While the modern age of antibiotics began in 1928 with the discovery of penicillin, the new findings suggest that people knew how to fight infections much earlier than that — even if they didn’t actually know what bacteria were.

Some of the first people to use antibiotics, according to the research, may have lived along the shores of the Nile in Sudanese Nubia, which spans the border of modern Egypt and Sudan.





Egypt in the Late Period (ca. 712–332 B.C.)

Kushite Pharaoh, Late Period, Dynasty 25, ca. 713–664 B.C.
Bronze with gilding

H. 3 in. (7.5 cm)
Purchase, Lila Acheson Wallace Gift, and Anne and John V. Hansen Egyptian Purchase Fund, 2002 (2002.8)

NOT ON VIEW Last Updated July 27, 2012

This small figure has a very large aura—its taut beauty and bold features express an intense energy and focus. That it is a Kushite pharaoh of Egypt is clear from its distinctive Sudanese regalia, discernible despite the efforts of an Egyptian king, ruling some seventy years later, to make the statuette more suitably conformist: the ram’s-head necklace was hammered out, the Kushite double uraeus was recut to a single one, and the king’s name on the belt was erased. The cap crown with a falcon engraved in the back, the bandeau with streamers, and the diadem with many tiny uraei were left untouched. The king’s narrowed eyes and large, forward-thrusting jaw do not resemble the few identifiable images of the Kushite kings, which disproportionately represent Taharqo (r. ca. 690–664 B.C.). A relatively early date is possible for the present object.

When the Kushites conquered Egypt in the mid-eighth century B.C., they saw themselves as recapturing part of an ancient homeland that had fallen away from proper observance of the gods. Consequently, their rule is distinguished by fine bronze temple statuary—small, kneeling kings meant to match the small, precious-metal divine image in the temple, to insulate it through devotion, to satisfy the gods, and to restore their blessings to Egypt.

female goddesses mammisi temples celebrating birth juvenile god identified king
female goddesses mammisi temples celebrating birth juvenile god identified king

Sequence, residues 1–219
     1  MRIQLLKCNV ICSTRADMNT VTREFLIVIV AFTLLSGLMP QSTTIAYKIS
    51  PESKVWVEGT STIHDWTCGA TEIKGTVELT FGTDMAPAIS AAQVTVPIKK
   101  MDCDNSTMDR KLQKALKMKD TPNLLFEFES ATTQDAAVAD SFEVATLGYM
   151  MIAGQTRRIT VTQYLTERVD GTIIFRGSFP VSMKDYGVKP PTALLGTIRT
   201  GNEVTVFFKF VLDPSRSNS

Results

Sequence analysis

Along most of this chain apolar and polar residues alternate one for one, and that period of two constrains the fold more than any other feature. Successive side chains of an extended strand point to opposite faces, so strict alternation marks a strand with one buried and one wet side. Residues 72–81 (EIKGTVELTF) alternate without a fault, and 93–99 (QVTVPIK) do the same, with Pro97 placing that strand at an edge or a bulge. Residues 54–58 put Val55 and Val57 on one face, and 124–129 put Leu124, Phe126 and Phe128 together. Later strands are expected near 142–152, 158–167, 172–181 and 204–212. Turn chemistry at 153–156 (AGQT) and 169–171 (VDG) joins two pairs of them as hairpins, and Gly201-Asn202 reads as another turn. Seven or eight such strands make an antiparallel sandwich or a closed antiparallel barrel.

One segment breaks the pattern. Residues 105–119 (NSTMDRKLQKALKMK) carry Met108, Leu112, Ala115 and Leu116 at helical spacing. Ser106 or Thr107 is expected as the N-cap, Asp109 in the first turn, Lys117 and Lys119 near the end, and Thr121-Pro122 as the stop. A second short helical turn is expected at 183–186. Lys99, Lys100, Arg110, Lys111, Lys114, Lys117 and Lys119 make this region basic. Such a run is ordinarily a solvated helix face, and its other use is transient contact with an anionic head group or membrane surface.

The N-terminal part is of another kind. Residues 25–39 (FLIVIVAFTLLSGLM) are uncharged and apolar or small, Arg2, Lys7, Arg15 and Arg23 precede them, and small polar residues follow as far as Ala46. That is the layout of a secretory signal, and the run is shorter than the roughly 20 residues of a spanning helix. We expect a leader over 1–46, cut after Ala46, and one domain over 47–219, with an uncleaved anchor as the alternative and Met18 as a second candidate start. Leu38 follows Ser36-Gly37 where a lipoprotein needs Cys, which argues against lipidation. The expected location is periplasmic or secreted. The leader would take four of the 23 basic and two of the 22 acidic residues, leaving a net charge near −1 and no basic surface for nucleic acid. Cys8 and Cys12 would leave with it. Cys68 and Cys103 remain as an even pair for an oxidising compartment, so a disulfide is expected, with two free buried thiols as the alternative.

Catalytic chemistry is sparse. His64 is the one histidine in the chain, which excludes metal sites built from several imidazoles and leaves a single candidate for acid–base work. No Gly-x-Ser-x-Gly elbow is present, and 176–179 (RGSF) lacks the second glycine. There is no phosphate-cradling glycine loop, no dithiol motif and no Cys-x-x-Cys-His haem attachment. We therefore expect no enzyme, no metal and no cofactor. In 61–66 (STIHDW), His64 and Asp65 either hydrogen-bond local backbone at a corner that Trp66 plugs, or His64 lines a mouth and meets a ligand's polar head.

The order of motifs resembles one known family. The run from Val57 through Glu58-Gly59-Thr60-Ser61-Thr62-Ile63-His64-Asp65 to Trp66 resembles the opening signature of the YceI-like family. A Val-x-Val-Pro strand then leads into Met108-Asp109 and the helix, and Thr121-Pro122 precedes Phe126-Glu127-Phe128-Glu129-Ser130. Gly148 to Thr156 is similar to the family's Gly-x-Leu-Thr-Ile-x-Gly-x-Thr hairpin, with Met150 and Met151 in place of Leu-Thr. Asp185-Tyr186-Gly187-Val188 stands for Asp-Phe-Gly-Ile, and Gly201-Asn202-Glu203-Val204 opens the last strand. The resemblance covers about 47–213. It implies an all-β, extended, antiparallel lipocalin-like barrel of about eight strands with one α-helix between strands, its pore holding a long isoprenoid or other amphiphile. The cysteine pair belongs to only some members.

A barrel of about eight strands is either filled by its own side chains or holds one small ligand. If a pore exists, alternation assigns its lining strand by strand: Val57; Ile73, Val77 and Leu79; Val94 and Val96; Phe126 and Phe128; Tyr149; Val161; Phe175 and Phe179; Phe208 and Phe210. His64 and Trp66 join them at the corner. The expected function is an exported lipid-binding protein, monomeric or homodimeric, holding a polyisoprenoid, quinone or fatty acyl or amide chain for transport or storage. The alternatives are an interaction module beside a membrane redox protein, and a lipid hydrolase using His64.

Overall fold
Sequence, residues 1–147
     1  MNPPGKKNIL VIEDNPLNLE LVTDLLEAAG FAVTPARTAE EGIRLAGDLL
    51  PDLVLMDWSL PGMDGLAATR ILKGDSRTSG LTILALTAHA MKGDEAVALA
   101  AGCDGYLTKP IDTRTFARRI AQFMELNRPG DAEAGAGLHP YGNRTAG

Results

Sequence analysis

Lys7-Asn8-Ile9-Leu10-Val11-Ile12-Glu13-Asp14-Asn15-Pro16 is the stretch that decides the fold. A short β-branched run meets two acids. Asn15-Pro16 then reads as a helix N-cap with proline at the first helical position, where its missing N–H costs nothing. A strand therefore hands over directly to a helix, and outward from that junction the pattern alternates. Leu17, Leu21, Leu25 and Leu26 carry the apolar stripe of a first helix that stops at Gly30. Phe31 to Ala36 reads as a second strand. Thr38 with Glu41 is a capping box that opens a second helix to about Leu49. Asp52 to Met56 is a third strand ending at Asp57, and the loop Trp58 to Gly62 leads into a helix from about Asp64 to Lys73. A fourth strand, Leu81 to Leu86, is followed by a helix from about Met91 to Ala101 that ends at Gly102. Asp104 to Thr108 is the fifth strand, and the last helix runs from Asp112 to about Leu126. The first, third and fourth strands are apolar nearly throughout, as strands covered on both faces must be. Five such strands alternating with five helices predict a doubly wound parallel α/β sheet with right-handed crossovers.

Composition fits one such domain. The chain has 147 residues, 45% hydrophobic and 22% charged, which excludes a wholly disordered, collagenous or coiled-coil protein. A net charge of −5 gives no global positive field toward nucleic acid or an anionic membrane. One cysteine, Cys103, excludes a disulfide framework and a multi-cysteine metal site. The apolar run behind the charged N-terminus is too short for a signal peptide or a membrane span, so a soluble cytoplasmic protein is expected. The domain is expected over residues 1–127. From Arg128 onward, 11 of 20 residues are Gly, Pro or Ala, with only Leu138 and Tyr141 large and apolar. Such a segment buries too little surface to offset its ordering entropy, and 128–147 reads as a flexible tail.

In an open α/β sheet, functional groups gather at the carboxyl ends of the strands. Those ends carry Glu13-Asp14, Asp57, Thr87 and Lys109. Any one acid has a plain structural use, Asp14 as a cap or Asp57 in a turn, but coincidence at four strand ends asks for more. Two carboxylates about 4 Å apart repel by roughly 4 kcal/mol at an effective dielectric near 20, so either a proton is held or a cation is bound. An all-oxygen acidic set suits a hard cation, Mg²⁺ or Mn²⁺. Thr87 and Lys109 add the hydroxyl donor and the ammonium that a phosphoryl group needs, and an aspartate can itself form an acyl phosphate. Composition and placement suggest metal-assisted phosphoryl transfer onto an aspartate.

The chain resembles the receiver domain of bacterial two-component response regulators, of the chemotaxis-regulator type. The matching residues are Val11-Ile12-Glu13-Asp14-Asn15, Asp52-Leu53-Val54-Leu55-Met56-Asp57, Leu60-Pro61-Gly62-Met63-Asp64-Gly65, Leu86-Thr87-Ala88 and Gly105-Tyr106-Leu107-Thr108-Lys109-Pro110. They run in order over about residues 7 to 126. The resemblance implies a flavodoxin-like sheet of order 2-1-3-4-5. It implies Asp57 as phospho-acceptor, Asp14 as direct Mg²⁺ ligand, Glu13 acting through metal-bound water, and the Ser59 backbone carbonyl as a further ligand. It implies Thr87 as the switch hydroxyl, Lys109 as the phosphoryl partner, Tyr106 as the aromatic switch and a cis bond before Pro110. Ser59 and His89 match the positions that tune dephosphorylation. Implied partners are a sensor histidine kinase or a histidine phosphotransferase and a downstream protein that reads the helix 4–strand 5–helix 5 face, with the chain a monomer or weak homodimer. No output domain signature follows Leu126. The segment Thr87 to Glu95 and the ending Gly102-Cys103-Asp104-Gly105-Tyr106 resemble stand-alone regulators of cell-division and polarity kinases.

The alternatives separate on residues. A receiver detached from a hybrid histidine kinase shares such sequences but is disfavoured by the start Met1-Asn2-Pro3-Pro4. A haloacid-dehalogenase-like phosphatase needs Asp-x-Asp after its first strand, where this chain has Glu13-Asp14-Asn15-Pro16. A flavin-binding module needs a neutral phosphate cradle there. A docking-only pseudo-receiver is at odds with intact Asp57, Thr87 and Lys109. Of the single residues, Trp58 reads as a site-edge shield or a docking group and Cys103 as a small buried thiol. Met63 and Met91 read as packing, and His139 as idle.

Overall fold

Kneeling statue of Amenemope-em-hat, Late Period, Dynasty 26, reign of Psamtik I, ca. 664–610 B.C.
Egyptian; Apparently from Memphis, Ptah temple

H. including base 25 1/4 in. (64 cm)
Rogers Fund, 1924 (24.2.2)

ON VIEW: GALLERY 123 Last Updated July 27, 2012

Amenemope-em-hat was director of the Singers of the North and Overseer of the Singers of Amenemope. The second title was inherited from his father, whose equally fine statue has recently been discovered at Tanis, where there was a cult of Amenemope, a form of the god Amun. The first title implies wider authority.

Amenemope-em-hat holds before him the cult object of the cow-eared goddess Hathor. The proportions of this figure, its muscularity, and such details as the slanted ridges of the collarbone and the shallow depression down the center of the torso represent a conscious attempt in the Late Period to emulate the classic works of the Old and Middle Kingdoms.


art tradition earlier styles themes copied subtly changed imbued liveliness

Statuette of a Woman, Late Period, Dynasty 26, reign of Necho II, ca. 610–595 B.C.

H. 9 1/2 in. (24 cm)
Theodore M. Davis Collection, Bequest of Theodore M. Davis, 1915 (30.8.93)

NOT ON VIEW Last Updated July 27, 2012

The cartouches of Necho II embossed on the upper arms, as well as the slight smile and heavy breast, date this nude figure to Dynasty 26. Her elongated limbs and bobbed wig, however, betray an interest in Old Kingdom art frequently noted in Dynasties 25 and 26. The woman is cast in solid silver, with her wig and jewelry made separately. Silver statuettes are extremely rare, and this figure was probably dedicated in a temple or placed in the tomb of a member of the royal family.

statuettes extremely rare figure dedicated temple tomb member royal family

Sarcophagus of Horkhebit, Late Period, Dynasty 26, ca. 590 B.C.
Egyptian; From Saqqara

L. 8 ft. 4 in. (2.55 m), W. 4 ft. (1.21 m)
Rogers Fund, 1907 (07.229.1ab)

ON VIEW: GALLERY 123 Last Updated July 27, 2012

Horkhebit was a “Royal Seal Bearer, Sole Companion, Chief Priest of the Shrines of Upper and Lower Egypt, and Overseer of the Cabinet” in early Dynasty 26. His tomb was a great shaft over sixty feet deep sunk into the desert and solid limestone bedrock in the Late Period cemetery that covers most of the area east of the Djoser complex at Saqqara. In a huge plain chamber at the bottom of the shaft, a rectangular rock core was left standing and hollowed out to house this anthropoid sarcophagus. When the tomb was excavated by the Egyptian government in 1902, the sarcophagus contained the remains of a badly decomposed gilded cedar coffin, and a mummy that wore a mask of gilded silver, gold finger and toe stalls, and numerous small amulets. Other canopic and shawabti equipment accompanied the burial. The finds went to the Egyptian Museum, Cairo, while this sarcophagus was purchased from the Egyptian government by the Metropolitan Museum.